“I admit that I learned a lot about China from reading My Splendid Concubine, that historical fiction novel about Hart’s early years there. I forget. What did Hart eventually predict about China? Remind me.”

“Mr. President, in 1889, Hart said that after China finished picking its conqueror’s brains, it would assert herself once more; when that day came, he hoped wisdom and not revenge would shape her actions.”

The President huffed. “He got it wrong. When China finally made a choice, it was isolation. No one expected that to happen. We thought after the 2008 Beijing Olympics, China had joined the world community for good. Didn’t Hart also predict that China would be a super power by 2100. He was off by a few decades. They reached super power status early.”

“Hart could read the collective Chinese mind. He predicted the Boxer Rebellion and the reasons for it. He knew the Chinese better than they know themselves.”

“And all because of the love of one woman,” the President said. He sighed. “Even I wish I could have been in love with someone like he was with Ayaou.”

“After four bad marriages, I’ve feel the same way,” Sam replied.

The President went on. “I enjoyed reading that book by Lofthouse, My Splendid Concubine, and the sequel, Our Hart. Did the Chinese really call Robert ‘Our Hart’?”

“Yes, Prince Kung, the sixth prince and the younger brother to Emperor Hsien Feng, tagged Hart with that name after Hart proved his loyalty and found creative ways to keep China from being torn apart by Russia, Japan, Germany, France, and England after the Opium Wars; the Taiping Rebellion; the Sino Japanese War, and the Boxer Rebellion. Robert Hart earned China’s trust during a time when China felt it couldn’t trust anyone, even members of its own government.”

The President ran a hand through his thinning hair. “I’m tired, Sam. This partisanship that has plagued America for more than a hundred years makes it impossible to get any meaningful legislation through congress—the far left and right are constantly bickering like Nero playing his fiddle while Rome burns. The government is gridlocked. Without another loan from China, America is going to vanish as a country. Until I read My Splendid Concubine, I had no idea that England and France fought two wars with China to force China to allow opium to be sold to the Chinese people while forcing China to allow Christian missionaries in against its will.” He shook his head. “Imagine the drug cartels doing that to America or the Islamic terrorists forcing America to convert to Islam?”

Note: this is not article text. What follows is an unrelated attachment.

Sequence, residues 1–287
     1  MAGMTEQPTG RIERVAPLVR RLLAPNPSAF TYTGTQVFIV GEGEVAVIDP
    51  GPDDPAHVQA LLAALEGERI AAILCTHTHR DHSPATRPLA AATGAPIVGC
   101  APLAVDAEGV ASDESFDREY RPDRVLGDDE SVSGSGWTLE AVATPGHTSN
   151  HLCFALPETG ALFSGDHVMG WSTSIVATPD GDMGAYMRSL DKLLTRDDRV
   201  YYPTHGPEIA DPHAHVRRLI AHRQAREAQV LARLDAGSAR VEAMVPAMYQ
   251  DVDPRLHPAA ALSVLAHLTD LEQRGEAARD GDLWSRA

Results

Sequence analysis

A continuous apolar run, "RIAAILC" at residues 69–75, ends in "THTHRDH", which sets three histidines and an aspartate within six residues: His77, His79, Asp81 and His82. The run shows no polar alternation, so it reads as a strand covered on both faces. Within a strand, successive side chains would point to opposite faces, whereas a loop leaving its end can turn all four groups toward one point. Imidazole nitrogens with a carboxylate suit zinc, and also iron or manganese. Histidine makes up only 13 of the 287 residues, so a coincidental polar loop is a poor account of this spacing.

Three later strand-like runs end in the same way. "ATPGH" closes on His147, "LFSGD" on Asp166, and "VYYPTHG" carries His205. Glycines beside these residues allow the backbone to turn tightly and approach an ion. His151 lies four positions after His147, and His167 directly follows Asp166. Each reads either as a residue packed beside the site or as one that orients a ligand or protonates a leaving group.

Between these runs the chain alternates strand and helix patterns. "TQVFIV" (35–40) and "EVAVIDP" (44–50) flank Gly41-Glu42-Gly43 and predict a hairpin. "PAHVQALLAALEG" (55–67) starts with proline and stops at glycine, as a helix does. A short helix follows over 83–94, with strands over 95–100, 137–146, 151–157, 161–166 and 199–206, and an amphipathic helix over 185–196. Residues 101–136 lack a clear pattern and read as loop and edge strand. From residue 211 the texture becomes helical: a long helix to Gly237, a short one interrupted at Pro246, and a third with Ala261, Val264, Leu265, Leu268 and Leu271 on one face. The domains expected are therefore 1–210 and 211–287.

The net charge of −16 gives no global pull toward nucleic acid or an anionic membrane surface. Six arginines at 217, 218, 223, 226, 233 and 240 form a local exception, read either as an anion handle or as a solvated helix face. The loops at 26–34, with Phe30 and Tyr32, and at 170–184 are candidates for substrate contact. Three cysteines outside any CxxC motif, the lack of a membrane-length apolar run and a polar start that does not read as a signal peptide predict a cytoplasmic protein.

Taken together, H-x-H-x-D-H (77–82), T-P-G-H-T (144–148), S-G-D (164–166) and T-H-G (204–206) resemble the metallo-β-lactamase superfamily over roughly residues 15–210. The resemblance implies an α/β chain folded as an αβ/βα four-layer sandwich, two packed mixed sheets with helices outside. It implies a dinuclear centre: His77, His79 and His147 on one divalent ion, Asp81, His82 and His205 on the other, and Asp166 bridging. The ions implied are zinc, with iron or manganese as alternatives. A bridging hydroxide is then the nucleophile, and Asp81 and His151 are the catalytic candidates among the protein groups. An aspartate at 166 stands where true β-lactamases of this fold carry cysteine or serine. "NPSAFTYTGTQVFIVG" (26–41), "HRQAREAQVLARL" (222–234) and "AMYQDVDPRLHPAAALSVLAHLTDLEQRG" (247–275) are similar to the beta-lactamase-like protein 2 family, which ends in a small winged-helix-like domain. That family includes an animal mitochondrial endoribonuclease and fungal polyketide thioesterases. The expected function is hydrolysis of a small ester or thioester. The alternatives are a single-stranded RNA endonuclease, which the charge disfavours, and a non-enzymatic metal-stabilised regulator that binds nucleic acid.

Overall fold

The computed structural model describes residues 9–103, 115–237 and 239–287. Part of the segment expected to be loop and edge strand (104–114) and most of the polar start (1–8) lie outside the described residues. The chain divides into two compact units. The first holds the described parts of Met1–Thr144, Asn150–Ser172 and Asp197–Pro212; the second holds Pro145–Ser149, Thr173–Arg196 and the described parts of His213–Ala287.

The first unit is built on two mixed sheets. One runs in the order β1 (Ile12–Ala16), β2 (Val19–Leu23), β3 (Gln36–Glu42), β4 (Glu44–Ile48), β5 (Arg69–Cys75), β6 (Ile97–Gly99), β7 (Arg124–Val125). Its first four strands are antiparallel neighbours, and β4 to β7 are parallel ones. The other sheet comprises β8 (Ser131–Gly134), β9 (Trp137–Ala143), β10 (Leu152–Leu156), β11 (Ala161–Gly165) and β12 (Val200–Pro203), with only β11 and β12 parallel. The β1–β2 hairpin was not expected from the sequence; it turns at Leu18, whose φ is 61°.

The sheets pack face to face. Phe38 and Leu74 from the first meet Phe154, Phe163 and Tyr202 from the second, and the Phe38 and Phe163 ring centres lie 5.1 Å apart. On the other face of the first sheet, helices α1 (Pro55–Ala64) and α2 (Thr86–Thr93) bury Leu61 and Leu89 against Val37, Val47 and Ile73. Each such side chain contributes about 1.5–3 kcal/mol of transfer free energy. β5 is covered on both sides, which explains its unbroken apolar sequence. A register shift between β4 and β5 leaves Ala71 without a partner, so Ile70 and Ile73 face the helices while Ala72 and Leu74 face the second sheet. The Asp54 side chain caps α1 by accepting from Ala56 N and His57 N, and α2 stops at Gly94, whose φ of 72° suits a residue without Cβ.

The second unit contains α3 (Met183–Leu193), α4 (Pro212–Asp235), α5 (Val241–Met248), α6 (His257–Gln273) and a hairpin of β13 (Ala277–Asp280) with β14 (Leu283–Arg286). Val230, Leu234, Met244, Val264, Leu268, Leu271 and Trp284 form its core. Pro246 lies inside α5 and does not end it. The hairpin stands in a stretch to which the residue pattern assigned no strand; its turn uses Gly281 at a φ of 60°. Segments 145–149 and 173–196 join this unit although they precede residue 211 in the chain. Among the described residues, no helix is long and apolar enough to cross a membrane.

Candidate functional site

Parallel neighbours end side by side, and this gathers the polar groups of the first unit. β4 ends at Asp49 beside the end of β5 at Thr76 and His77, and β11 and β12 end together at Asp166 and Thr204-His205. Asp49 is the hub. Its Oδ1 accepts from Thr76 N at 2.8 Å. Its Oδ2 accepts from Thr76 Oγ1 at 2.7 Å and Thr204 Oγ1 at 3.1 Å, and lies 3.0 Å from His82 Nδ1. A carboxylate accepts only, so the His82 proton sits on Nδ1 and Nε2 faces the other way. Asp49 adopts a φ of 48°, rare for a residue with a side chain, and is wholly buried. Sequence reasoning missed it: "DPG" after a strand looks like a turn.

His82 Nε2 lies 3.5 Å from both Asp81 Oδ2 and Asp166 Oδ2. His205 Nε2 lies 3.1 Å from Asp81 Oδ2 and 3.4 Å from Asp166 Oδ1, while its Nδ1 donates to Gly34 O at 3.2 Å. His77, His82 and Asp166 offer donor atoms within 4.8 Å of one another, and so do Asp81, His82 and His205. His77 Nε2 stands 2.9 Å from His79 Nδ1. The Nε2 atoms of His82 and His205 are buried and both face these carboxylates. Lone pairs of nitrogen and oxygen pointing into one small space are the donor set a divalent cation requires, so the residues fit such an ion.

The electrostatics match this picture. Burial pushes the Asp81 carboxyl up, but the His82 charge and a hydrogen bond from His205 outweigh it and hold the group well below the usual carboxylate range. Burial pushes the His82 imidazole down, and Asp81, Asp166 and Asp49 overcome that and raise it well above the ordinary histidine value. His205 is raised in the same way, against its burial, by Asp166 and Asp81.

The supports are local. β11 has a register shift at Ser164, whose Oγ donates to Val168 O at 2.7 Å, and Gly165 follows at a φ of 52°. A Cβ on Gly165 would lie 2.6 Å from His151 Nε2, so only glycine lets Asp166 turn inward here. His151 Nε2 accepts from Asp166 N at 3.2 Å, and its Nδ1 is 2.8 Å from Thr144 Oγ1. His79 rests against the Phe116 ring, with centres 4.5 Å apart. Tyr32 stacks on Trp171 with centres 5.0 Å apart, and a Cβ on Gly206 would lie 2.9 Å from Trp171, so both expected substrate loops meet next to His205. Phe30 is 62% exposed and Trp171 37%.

“We’re here, Mr. President.” They stood in front of a reinforced, titanium alloy door that was a foot thick.

“To think that I’m going to be sipping tea with a man that loved a woman so much, he dedicated his life to serving her country even when he was crushed with loneliness.”

“Mr. President, be careful what you say. Hart doesn’t know that this is the year 2100. He doesn’t know he died in 1913. He thinks he is the Inspector General for Chinese Maritime Customs and that he works for the Emperor of China. He thinks he is fifty-four.”

“Well, I’m dressed the part,” the President said. The President was dressed as if he were a nineteenth century Victorian gentleman. He even had a top hat. “I’m nervous, Gus. This guy helped defeat the man they call ‘God’s Chinese Son’, Hong Xiuquan. With Hart’s advice and the money he raised through the customs service, the Manchu Dynasty put down the Taiping Rebellion, the second bloodiest conflict in history. More than twenty million died because of the Taipings and their Chinese Christian emperor that claimed to be the younger brother of Jesus Christ. The historians called Hart ‘the godfather of China’s modernism’. He was a selfless man. He patiently urged China to modernize while finding the money to do so. He was behind building the rail roads and creating a postal system that worked. The list goes on. I’ve never met anyone like him. If we had a few like him in our government, we wouldn’t be in this mess.”

“The Chinese felt the same way. Prince Kung once said if they had a hundred Robert Hart’s, China could have solved all of its problems. Queen Victoria knighted him for what he accomplished. More than a dozen other countries honored him too. Even the Vatican honored Hart. Don’t forget Mr. President, the evidence says he did all this because of his love for one woman, Ayaou, his concubine.”

“I wonder what she looked like. There are no pictures. I wished he hadn’t burned the journals that dealt with his early years in China to hide that affair. I wonder if he was trying to hide anything else? With those journals we might have had the clues needed to unlock China and convince her to open the doors to the world again.”